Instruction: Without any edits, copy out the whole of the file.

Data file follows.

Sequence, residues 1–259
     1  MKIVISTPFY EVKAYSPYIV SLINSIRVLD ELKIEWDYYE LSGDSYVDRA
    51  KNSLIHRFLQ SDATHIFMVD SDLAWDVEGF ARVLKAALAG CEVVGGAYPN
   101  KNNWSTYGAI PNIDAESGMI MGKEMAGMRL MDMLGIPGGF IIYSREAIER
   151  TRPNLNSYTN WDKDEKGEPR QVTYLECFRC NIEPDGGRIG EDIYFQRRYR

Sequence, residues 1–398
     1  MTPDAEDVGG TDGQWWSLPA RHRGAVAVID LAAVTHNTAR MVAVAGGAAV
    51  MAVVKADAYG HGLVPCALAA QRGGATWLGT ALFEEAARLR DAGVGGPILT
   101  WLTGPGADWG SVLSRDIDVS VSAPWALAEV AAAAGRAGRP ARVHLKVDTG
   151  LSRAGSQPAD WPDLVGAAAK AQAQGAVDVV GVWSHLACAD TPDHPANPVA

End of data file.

Sequence, residues 1–259
     1  MKIVISTPFY EVKAYSPYIV SLINSIRVLD ELKIEWDYYE LSGDSYVDRA
    51  KNSLIHRFLQ SDATHIFMVD SDLAWDVEGF ARVLKAALAG CEVVGGAYPN
   101  KNNWSTYGAI PNIDAESGMI MGKEMAGMRL MDMLGIPGGF IIYSREAIER
   151  TRPNLNSYTN WDKDEKGEPR QVTYLECFRC NIEPDGGRIG EDIYFQRRYR

Sequence, residues 1–398
     1  MTPDAEDVGG TDGQWWSLPA RHRGAVAVID LAAVTHNTAR MVAVAGGAAV
    51  MAVVKADAYG HGLVPCALAA QRGGATWLGT ALFEEAARLR DAGVGGPILT
   101  WLTGPGADWG SVLSRDIDVS VSAPWALAEV AAAAGRAGRP ARVHLKVDTG
   151  LSRAGSQPAD WPDLVGAAAK AQAQGAVDVV GVWSHLACAD TPDHPANPVA